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To the Ends of the Earth: Women's Search for Education in Medicine.

This lively narrative history of European and North American women's struggle for medical education is a valuable contribution to our understanding of the histories of education and medicine as well as to more general questions in women's history. Professor Bonner demonstrates how the different social and economic conditions in Russia, Switzerland, Germany, France, Britain, the United States, and Canada shaped the kinds of training permitted to women and the attitudes towards women's quest for medical degrees.

In 1847, Elizabeth Blackwell was admitted to Geneva Medical School in New York but those who attempted to follow her were informed that her "admission was an experiment, not intended as a precedent" (p. 6): European universities exercised a similar ban on women students until mid-century. Bonner argues that medical education was regarded as too strenuous for women's weaker bodies and minds and many feared the subject itself would destroy women's special sensibilities. This justification will come as no surprise to readers familiar with nineteenth-century notions of femininity. More information about the perceived status of medical education and the kinds of men who studied for the degree in the different countries might have given a richer sense of the particularities of women's exclusion from this profession.

Bonner explores how after mid-century, women did gain admission to some medical schools. The Swiss universities were particularly important because they opened their doors to women on the same basis as men and required only a letter of introduction from foreigners who wished to study. This opportunity was taken by many young Russian women. Their professional training was demanding and even dangerous; eight women who began study in 1872 died of tuberculosis before the year was over. Still, seven hundred women did complete their course of study between 1872-82. Many of these women embraced radical politics and hoped to use their knowledge to further social and political reform in Russia. Indeed, six of the eight women involved in the murder of the Tsar in 1881 had medical training. Many Russians regarded foreign universities as virtual training academics in radical political action. As a result, in 1895 a medical institute for women was founded in St. Petersburg where the state could keep a watchful eye on the students. The curriculum was the same as at the men's institutions and the graduates were to be given the same recognition as men doctors. By 1917, over five thousand women practiced medicine in Russia, a number unrivalled by any other country.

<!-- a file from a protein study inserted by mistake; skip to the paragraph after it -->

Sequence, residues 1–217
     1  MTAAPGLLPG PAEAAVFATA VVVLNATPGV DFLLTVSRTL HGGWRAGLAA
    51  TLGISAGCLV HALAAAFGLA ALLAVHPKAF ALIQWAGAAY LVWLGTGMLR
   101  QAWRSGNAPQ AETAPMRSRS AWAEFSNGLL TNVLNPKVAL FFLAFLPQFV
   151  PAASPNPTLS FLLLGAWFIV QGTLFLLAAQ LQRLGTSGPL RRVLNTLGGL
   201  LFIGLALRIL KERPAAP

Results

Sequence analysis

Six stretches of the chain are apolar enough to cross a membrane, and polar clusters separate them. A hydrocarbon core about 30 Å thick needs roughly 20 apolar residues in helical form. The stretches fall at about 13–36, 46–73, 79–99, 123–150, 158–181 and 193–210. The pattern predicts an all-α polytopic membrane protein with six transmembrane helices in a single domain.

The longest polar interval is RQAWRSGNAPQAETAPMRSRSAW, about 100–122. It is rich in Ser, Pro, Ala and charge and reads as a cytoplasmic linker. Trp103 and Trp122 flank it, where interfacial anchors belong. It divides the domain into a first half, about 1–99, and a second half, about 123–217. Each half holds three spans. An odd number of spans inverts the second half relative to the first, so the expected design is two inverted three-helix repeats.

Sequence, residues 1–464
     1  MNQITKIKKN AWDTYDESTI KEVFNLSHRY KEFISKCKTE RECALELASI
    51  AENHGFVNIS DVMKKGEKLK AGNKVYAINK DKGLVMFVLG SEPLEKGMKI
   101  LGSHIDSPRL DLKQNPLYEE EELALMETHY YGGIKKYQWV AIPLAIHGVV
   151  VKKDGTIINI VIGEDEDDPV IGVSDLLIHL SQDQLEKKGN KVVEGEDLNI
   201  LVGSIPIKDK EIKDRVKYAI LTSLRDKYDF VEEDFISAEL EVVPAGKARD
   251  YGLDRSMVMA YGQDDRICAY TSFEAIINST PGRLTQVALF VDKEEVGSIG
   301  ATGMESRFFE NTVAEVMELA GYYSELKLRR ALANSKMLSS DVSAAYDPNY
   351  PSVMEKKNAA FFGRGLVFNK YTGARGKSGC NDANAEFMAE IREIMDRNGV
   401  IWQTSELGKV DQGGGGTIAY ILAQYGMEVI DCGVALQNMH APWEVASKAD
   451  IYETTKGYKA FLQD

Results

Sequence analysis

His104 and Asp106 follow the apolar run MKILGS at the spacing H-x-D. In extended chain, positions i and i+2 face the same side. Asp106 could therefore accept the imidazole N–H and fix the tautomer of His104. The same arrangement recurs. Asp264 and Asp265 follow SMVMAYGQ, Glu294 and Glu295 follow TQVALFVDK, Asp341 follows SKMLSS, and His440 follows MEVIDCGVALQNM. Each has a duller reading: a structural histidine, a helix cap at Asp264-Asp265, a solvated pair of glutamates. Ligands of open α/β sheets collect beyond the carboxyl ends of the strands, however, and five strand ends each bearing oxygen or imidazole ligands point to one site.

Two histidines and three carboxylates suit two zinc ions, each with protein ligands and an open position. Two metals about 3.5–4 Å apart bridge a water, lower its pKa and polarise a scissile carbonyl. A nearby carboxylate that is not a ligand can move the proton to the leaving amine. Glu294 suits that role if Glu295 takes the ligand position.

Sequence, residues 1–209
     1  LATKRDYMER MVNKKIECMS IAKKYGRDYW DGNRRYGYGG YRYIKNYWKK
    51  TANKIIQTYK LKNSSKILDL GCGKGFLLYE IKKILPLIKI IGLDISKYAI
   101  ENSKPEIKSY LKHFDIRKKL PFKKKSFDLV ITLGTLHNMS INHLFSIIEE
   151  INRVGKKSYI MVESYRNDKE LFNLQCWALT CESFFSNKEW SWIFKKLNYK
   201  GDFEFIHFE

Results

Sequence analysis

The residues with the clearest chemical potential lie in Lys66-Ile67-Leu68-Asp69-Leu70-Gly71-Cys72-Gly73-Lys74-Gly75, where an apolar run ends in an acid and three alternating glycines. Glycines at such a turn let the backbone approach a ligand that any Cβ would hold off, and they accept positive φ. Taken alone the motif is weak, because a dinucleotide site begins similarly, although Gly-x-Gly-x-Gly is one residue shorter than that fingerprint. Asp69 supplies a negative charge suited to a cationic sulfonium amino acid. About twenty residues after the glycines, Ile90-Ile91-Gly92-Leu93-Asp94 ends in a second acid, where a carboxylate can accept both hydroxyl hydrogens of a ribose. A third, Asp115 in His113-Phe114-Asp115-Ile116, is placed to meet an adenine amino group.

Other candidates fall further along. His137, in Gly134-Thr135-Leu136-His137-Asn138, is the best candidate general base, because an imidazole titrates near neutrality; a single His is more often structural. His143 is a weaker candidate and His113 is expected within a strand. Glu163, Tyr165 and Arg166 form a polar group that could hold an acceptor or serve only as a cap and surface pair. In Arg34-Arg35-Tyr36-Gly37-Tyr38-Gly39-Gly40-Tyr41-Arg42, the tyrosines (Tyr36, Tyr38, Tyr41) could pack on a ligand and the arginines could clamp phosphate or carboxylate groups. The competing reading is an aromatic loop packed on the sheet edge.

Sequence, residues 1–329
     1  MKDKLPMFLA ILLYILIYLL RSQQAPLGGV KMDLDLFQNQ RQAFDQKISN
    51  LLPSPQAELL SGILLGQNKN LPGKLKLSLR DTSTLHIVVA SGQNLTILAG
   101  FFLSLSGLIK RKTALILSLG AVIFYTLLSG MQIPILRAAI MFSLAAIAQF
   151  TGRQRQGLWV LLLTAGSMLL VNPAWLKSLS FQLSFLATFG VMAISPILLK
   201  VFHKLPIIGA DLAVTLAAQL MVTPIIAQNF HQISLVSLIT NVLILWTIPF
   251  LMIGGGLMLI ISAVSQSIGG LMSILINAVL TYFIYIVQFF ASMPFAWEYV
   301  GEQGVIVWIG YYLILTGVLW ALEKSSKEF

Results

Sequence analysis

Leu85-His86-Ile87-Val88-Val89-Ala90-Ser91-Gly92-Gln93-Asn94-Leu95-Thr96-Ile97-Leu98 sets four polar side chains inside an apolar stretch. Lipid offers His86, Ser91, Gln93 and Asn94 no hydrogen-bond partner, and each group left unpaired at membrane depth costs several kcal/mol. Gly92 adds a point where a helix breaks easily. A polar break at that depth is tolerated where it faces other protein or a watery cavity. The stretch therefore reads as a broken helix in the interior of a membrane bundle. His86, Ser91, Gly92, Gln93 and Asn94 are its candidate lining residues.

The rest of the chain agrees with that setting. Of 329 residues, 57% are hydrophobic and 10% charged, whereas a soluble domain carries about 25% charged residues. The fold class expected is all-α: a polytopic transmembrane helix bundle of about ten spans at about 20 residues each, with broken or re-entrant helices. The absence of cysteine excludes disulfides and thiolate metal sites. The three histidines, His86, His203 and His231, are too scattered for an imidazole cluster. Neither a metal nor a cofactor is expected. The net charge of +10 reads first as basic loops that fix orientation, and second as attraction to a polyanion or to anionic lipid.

In contrast, British women faced persistent opposition. A number of women's medical schools were established in the second half of the nineteenth century but the facilities and curriculum mere widely regarded as inferior. In 1869, five women gained admission to the University of Edinburgh, noted for its liberal attitudes and sympathetic faculty. One of the women, however, outscored all the other first year students in chemistry, entitling her to a scholarship. When the scholarship was instead awarded to a man, she appealed and journalists, professors, and doctors rushed to comment on the situation. It was said her "ambition and brilliancy put the cause back fifty years" (p. 127).

Bonner also describes the growth of women's medical education in France, Germany, the United States, and Canada and concludes with a comparative assessment of the situation after 1914. He introduces a number of women who valiantly struggled to study medicine despite the barriers and it is a pleasure to read about their achievements.

Bonner does not address the work of historians like Ludmilla Jordanova or Carolyn Merchant on the gendering of scientific knowledge and the vision of woman as the natural object of scientific discovery. This study also does not directly address recent debates in the history of women's education or women's history more generally. For example, a substantial literature on the history of nursing has shown how the profession developed as a distinctly feminine one, where women were trained to defer to male physicians. Bonner does not locate his study within that larger history nor does he actively engage with the historiography. The book's strengths are its comparative, crossnational focus and the author's graceful, readable prose.
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Author:Walker, Pamela J.
Publication:Canadian Journal of History
Article Type:Book Review
Date:Aug 1, 1993
Words:684
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